David Crisp: Evaluation

David Crisp never has been afraid to take the big shot. Or a smaller shot. He’s an alpha scorer who brings wallop to the lineup and should enjoy an outstanding career at Washington.


The 2013 summer proved highly beneficial to David Crisp. The southpaw, a rising senior at the time, showed off a potent scoring ability with the Northwest Panthers and oozed confidence in his perimeter jump shot. Never considered a true point guard, he nevertheless demonstrated that he could be effective as a primary scorer.

Crisp didn’t need much time to sort out his recruitment. The Seattle product received an offer from the hometown Huskies and pledged to Lorenzo Romar’s program last January. In the process he also reclassed from 2014 to 2015, enabling him to further hone his skills in high school prior to tackling Pac-12 competition.

Crisp spent his 2014 spring and summer on the Adidas circuit, once again playing with the Panthers. He enjoyed some big outings, including at the Orlando event in late May. He also performed creditably at the NBPA Top 100 Camp and during July, despite the fact that he obviously didn’t have to worry about playing for scholarship offers.

He’s currently Scout’s No. 98 senior prospect and is a top 20 point guard who transferred to Wolfeboro (N.H.) Brewster Academy this season.


Recruitniks who saw former Washington guard Isaiah Thomas in high school would, upon watching Crisp, recognize the playing style. Though not as explosive as Thomas, Crisp has fashioned himself into a gunner whose moxie inspires trepidation from nervous coaches hoping he doesn’t get hot.

Crisp’s shooting range extends easily to 23 feet

In 16 games during the Adidas Uprising regular season, Crisp averaged 20 points per game to lead the Panthers. He shot a solid 36 percent on threes, and he takes a ton. In fact, nearly half of his shot attempts came from long-range. He’s a long-range shooter first and foremost, and despite hoisting so many attempts he nevertheless managed to be reasonably accurate.

His quickness also looms as a factor. Crisp is speedy in the fullcourt game, can beat his man off the dribble in the halfcourt and truly has no difficulty doing so if his defender crowds his jump shot. He also likes two- and three-dribble pullups and, while many coaches dislike those shots, they can be effective.

Crisp’s shooting form is mechanically sound, and the ball rotates with nice backspin as it advances toward the rim. Thus, his shot should translate to U-W.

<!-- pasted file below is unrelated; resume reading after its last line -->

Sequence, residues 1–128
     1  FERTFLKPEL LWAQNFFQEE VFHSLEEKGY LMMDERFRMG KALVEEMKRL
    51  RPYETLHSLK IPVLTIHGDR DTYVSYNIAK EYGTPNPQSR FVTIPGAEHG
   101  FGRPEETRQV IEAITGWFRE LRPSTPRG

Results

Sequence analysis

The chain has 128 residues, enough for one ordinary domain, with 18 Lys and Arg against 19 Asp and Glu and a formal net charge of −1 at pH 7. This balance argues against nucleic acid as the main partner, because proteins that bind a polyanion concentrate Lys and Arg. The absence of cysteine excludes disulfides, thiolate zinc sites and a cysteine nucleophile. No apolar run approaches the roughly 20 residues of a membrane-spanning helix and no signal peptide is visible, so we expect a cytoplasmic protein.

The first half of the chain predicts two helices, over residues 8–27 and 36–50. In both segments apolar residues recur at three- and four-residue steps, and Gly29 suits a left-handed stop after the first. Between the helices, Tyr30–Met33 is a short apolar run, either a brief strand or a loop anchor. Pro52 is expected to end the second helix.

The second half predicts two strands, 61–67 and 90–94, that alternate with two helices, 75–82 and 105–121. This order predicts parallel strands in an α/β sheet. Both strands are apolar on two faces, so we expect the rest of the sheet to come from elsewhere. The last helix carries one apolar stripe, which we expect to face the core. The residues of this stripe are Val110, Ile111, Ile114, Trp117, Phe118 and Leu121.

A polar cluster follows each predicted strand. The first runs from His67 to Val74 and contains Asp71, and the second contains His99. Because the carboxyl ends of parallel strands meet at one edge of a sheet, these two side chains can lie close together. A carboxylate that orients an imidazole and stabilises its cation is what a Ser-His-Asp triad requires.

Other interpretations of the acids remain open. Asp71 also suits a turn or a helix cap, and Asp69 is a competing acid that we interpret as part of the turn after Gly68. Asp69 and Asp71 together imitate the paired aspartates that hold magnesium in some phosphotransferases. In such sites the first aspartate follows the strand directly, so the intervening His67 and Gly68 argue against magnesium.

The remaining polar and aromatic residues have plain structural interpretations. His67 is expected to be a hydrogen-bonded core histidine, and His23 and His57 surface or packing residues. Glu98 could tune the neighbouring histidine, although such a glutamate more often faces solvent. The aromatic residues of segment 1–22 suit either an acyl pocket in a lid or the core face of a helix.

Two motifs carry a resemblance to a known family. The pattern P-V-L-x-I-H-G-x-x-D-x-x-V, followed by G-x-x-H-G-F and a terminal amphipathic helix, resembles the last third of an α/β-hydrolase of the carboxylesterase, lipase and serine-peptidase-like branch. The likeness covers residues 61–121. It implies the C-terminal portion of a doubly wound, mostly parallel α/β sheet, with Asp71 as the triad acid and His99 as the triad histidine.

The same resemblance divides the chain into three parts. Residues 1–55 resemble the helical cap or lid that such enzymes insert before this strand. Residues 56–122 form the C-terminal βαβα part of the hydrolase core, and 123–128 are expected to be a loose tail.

He’s also a pesky defender. Standing 5-11, Crisp averaged more than one steal per game and should be able to develop into a fairly good defender in college, with the caveat that bigger guards might pose problems.

To his credit, Crisp is physical when he attacks the basket. He attempted just under 100 free throws in his 16 games with the Panthers, knocking down 75 percent from the foul line. That’s likely to remain a key facet of his game going forward.


Decision-making can be problematic. Crisp at heart is a shooting guard, but at his size he has to be a point. He doesn’t rack up assists and does commit turnovers, numbers he needs to tweak in order to win his future coaches’ confidence.

The college game can work with a 5-11 player working off the ball, but obviously Crisp would benefit if he can enhance his floor general qualities. Evaluating him long-term, he definitely will need to play on the ball in order to ascend to the professional ranks.

Still, there’s good news to accompany all this. Crisp excels in the area coaches at all levels value most — scoring — and he’s a fairly sound dribbler, so at least he can handle versus pressure. His coaches may be reluctant to try to alter his game too much, given that he’s such a gifted scorer and a style switch might curtail what he does best.


There’s no disputing that Crisp will arrive to campus with some limitations. Size, lack of playmaking chops and a strength deficiency all appear to be issues. Still, never underestimate the impact a perimeter scorer can make, and especially at Washington, which plays fast and creates open looks for its shooters.

Thomas benefited from Romar’s tutelage several years ago, and Crisp should derive similar gain. With perhaps a year to adjust to the increased collegiate speed, he should emerge as a fine contributor and — thanks to overflowing confidence — a clutch shooter from distance. You never can have too many of those.

His long-term aspirations are more difficult to project at this point, but people always wrote off Thomas, too. Crisp certainly possesses the talent to warrant consideration as a possible career hoopster.

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